Psychosocial Correlates of Unprotected Sex Without Disclosure of HIV-Positivity among African-American, Latino, and White Men Who Have Sex with Men and Women

Abstract

African-American, Latino, and White men who have sex with men and women (MSMW) may be a bridge of HIV transmission from men to women. Very little research has directly compared culturally specific correlates of the likelihood of unprotected sex among MSMW. The present study examined psychosocial correlates of unprotected sex without disclosure of HIV status with male and female partners among 50 African American, 50 Latino, and 50 White HIV-positive MSMW recruited from AIDS service organizations in Los Angeles County. Multivariate logistic regressions were conducted to examine relationships of race/ethnicity and psychosocial variables (e.g., condom attitudes, self-efficacy for HIV disclosure, sexual identification) to unprotected sex without disclosure of HIV status, for male and female partners separately. For female partners, different effects emerged by race/ethnicity. Among African-Americans, less exclusively homosexual identification and low self-efficacy for disclosure of HIV status to female partners were associated with unprotected sex without disclosure; among Latinos, less exclusively homosexual identification and negative attitudes about condoms were significant. Participants who were more exclusively homosexually identified, who held less positive condom attitudes, and who had low self-efficacy for disclosure to female partners were more likely to have unprotected sex without disclosure of HIV status to male partners. Culturally tailored community-level interventions may help to raise awareness about HIV and bisexuality, and decrease HIV and sexual orientation stigma, thereby increasing African-American and Latino MSMW’s comfort in communicating with their female partners about sexuality, HIV and condoms. Addressing norms for condom use and disclosure between male partners is recommended, especially for homosexually identified MSMW.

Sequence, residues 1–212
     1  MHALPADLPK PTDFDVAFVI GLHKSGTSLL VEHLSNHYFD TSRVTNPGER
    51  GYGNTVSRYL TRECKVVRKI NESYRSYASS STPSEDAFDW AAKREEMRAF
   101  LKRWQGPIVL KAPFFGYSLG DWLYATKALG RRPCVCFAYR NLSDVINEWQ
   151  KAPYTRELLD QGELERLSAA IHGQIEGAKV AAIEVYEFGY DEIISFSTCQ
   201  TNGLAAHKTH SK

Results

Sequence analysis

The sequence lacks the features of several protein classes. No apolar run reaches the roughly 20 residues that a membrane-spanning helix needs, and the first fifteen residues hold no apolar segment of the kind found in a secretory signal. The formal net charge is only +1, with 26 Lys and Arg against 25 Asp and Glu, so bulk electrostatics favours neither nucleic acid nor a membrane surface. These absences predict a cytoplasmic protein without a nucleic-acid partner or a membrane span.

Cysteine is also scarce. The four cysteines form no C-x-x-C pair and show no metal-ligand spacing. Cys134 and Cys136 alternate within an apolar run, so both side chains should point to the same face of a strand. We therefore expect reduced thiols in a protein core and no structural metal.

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Acknowledgments

This research was supported by funds from the California HIV/AIDS Research Program (ID02-APLA-038, PI: Mutchler). This research was partially supported by the Centers for Disease Control and Prevention (U48/DP000056, PI: Schuster). Preparation of this article was partially supported by the National Institute of Mental Health (R01 MH072351; PI: Bogart) and the National Institute of Nursing Research (R21 R21NR010284; PI: Bogart). We would also like to acknowledge Leonardo Colemon for assistance coordinating the study, Miguel Chion for conducting interviews with the monolingual Spanish-speaking participants in the study, and Scott Stephenson and Kate Sommers-Dawes for their work on manuscript preparation for this article.

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Correspondence to Matt G. Mutchler.

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Mutchler, M.G., Bogart, L.M., Elliott, M.N. et al. Psychosocial Correlates of Unprotected Sex Without Disclosure of HIV-Positivity among African-American, Latino, and White Men Who Have Sex with Men and Women. Arch Sex Behav 37, 736–747 (2008). https://doi.org/10.1007/s10508-008-9363-8

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Keywords

  • HIV/AIDS
  • African-American
  • Latino
  • Homosexuality
  • Bisexuality
  • Sexual risk